JOURNAL ARTICLE
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Current primary care management of children aged 1-36 months with urinary tract infections in Europe: large scale survey of paediatric practice.

OBJECTIVE: To describe current practice among European paediatricians regarding diagnosis and management of urinary tract infections in children aged 1-36 months and to compare these practices with recently published guidelines.

DESIGN: Web-based large scale survey evaluating knowledge of, attitudes towards and the methods for diagnosing, treating and managing urinary tract infections in children.

SETTING: Primary and secondary care practices in Europe.

SAMPLE: 1129 paediatricians.

RESULTS: A diagnosis of urinary tract infection is considered by 62% of the respondents in children aged 1-36 months with unexplained fever. The preferred method of urine collection is use of a bag (53% for infants <3 months and 59% for children 4-36 months of age). 60% of paediatricians agree that oral and parenteral antibiotics have equal efficacy. Co-amoxiclav is the antibiotic of choice for 41% of participants, while 9% prescribe amoxicillin. 80% of respondents prescribe ultrasound in all children with a confirmed urinary tract infection. 63% of respondents prescribe a cystography when abnormalities are revealed during ultrasound evaluation. A quarter of respondents recommend antibiotic prophylaxis for all children with any vesicoureteral reflux. The data among European countries are very heterogeneous. The three most recent urinary tract infection guidelines (the National Institute for Health and Care Excellence (NICE), the American Academy of Paediatrics and the Italian Society of Paediatric Nephrology) are not followed properly.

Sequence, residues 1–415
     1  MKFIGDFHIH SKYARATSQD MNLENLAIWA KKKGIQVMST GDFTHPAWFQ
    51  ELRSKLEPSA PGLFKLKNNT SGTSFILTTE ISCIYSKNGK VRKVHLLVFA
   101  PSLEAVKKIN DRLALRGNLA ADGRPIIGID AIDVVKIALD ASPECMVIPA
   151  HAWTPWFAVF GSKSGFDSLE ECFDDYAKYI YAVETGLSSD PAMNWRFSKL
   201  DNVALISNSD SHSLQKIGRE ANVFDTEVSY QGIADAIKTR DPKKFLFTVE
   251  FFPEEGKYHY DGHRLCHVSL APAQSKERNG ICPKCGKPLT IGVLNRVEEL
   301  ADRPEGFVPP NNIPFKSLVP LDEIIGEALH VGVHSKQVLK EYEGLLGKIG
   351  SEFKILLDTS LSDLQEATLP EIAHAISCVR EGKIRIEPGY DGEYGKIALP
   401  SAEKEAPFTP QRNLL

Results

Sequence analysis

CONCLUSIONS: Management of febrile urinary tract infections remains controversial and heterogeneous in Europe. Simple, short, practical and easy-to-remember guidelines and educational strategies to ensure their implementation should be developed.

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